As I write this post (on 8/7/19), the S&P 500 Index is 5.75% off its recent high. As I prepare to post this to our website (two days later, on 8/9/19), the U.S. market has rallied a bit, so that we are less than 4% off the all-time high for the S&P 500 Index. When you put it like that, it doesn’t sound too bad. But if you’re watching the news, it can feel a whole lot worse. And if you’re checking the value of your portfolio online each day (a really bad idea), it’s painful to see the declines in your portfolio – even if they are modest in the grand scheme of things.
Growing up, I was always intrigued by money. I liked earning it, and I really liked saving it.
In May 1997, about a month shy of my 14th birthday, I biked from our family’s home in Eden Prairie over to the Chanhassen McDonald’s – a one-mile ride. I went with a friend from the neighborhood. We both applied for jobs there on the spot, and I remember nervously wondering if they had any interest in hiring me.
Buying a house is a big deal. It’s an opportunity to find the home that you’ve always imagined: the perfect size, in the perfect location, with the perfect potential to make it into a place where your family can enjoy many years together. It’s an exciting step! But you know what else is a big deal? Mortgages.
One of the most important rules of investing is this: tuning in to media sources (be they financial or general) will not help you be a better investor. In fact, it will likely make you a poorer investor.
Does it help you to know how much the Dow or the Nasdaq moves in a given day? If the Dow is down 200 points today, will that alter your investment strategy? Will it alter your mood?
Earlier this year, I took my daughter Evelyn to our first “Daddy/Daughter Dance” at Life Time Fitness. While I was merely an accessory as she twirled and twirled on the dance floor, it was a wonderful night for us.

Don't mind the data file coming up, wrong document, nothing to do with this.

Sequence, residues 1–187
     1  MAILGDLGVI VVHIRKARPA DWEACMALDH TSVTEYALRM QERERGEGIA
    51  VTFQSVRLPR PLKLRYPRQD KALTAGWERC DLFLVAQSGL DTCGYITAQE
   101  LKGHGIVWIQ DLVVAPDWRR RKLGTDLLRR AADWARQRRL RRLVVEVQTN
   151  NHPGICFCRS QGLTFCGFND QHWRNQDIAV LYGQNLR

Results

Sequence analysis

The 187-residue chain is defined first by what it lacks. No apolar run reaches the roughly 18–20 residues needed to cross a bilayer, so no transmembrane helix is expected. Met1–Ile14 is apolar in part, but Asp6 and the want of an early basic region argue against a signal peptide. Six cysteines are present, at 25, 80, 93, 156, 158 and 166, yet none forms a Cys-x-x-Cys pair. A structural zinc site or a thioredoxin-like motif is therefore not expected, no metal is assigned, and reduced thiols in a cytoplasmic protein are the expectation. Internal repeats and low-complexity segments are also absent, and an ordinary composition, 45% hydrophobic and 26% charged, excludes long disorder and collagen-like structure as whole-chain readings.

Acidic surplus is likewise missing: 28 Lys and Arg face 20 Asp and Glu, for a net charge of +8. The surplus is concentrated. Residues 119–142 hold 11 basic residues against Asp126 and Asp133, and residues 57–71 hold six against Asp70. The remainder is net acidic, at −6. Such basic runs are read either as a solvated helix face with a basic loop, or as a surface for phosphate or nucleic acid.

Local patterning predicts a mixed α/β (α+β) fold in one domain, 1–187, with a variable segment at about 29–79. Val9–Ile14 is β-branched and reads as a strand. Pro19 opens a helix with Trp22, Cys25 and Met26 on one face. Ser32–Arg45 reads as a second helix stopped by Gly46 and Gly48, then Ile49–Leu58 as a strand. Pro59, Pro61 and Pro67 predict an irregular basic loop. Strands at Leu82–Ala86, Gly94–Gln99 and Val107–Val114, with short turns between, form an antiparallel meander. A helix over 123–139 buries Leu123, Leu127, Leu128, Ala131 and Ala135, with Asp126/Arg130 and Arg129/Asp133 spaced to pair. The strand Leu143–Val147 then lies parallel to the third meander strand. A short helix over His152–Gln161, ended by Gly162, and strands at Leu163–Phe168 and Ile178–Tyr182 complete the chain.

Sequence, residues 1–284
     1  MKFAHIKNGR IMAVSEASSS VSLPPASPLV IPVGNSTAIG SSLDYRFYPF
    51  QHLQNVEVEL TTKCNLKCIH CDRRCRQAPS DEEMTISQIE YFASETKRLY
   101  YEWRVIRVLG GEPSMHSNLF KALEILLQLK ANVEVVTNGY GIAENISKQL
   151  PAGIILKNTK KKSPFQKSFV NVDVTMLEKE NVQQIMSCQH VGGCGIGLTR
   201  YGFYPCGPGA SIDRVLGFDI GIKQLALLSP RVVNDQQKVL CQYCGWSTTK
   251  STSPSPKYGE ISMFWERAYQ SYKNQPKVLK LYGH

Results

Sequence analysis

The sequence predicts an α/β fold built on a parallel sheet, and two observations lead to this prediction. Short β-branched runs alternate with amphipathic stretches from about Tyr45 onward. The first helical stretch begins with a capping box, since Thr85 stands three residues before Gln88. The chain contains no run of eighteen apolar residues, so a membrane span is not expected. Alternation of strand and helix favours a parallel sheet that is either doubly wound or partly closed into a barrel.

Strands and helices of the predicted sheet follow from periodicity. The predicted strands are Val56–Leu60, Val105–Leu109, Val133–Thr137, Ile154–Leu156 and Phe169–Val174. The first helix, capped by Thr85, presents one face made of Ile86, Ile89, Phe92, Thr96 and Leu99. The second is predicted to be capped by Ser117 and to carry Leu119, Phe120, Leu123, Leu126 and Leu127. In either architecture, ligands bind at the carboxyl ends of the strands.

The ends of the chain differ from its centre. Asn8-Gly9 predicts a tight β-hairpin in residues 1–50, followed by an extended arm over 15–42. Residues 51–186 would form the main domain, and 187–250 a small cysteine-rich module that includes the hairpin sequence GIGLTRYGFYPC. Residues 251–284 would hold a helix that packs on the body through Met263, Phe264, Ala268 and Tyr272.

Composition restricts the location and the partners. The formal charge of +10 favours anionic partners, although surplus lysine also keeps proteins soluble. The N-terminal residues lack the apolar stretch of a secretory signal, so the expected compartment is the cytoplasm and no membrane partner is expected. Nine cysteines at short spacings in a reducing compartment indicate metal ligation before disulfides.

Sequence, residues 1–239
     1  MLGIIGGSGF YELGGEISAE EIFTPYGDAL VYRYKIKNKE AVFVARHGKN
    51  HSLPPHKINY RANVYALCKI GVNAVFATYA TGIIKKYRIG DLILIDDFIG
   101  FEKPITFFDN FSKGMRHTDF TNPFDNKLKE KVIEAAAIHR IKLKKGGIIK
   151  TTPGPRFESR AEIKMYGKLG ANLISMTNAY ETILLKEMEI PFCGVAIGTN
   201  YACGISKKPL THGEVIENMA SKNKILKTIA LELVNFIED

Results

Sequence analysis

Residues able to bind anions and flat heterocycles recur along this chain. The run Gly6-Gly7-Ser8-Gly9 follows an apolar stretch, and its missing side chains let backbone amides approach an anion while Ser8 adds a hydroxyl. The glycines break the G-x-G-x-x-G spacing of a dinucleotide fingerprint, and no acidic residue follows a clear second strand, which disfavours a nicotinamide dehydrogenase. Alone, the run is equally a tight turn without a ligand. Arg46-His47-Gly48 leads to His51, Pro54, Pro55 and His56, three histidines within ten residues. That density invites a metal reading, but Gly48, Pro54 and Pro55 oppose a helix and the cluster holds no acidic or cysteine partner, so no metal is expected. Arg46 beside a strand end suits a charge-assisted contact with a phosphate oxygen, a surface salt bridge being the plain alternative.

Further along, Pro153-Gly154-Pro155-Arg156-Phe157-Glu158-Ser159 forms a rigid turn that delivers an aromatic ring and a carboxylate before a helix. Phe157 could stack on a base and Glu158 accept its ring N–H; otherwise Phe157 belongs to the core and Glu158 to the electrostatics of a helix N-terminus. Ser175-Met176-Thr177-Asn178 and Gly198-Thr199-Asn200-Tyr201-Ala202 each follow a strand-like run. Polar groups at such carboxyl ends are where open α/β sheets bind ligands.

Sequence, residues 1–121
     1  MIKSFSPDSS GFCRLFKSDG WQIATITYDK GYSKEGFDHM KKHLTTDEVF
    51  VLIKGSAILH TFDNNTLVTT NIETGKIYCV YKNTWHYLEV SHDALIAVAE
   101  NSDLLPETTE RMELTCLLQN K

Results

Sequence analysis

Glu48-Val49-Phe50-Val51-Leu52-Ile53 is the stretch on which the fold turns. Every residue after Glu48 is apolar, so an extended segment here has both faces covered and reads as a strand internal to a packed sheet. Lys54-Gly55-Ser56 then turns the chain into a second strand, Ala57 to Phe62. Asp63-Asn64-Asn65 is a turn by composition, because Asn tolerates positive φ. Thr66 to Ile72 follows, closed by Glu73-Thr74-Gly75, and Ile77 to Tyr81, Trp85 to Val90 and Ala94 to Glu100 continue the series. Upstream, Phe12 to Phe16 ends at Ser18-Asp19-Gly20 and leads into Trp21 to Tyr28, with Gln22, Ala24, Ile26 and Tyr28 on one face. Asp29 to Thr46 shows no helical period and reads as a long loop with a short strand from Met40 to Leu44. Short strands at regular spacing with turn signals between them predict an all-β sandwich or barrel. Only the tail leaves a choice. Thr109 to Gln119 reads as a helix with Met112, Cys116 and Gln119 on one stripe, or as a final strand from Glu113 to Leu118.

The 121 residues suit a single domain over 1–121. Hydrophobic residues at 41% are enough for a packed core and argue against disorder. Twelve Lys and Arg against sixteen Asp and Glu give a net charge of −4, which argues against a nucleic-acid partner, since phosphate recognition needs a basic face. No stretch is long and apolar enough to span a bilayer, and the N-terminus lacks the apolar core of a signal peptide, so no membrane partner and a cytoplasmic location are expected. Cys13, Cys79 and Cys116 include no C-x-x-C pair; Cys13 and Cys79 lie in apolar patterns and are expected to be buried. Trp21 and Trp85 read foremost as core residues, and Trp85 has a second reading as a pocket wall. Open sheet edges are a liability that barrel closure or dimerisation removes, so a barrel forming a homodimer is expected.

Evie turns 4 next month. About a month before the dance, my wife Krista bought a dress with Evie at Costco to wear for the dance. Evie called it her “ballet tutu dress”, and she proudly wore that dress nearly every day in the weeks leading up to the dance.
Someday, I’ll be walking my little girl down the church aisle on her wedding day. [insert deep sigh] One of the habits outlined in Stephen Covey’s classic book The 7 Habits of Highly Effective People is to begin with the end in mind. With our daughter, that means looking ahead to the day she leaves us and joins her life to her future husband. While our roles as father and mother won’t end at that point, we want to be thinking now about the kind of woman we hope she will be on her wedding day – and about the kind of man we hope she will marry.
When Mitch Daniels (former Indiana Governor) took over as President of Purdue University in 2013, the school had increased tuition 36 years in a row. Since then, Purdue has not raised tuition once. By graduation day in 2020, Purdue will be able to boast the total cost of “going to Purdue will be less in 2020 than it was in 2012.”
If you’re planning to contribute to your children’s future earning potential (i.e. by paying for college), you are committing to a big expense. But you already know that.
Here’s a good gut-check question to kick off this discussion: how much research time did you put into your last purchase of an iPhone, a computer, or vehicle purchase? Now, compare those answers to how much time you put into researching the college decision for your children.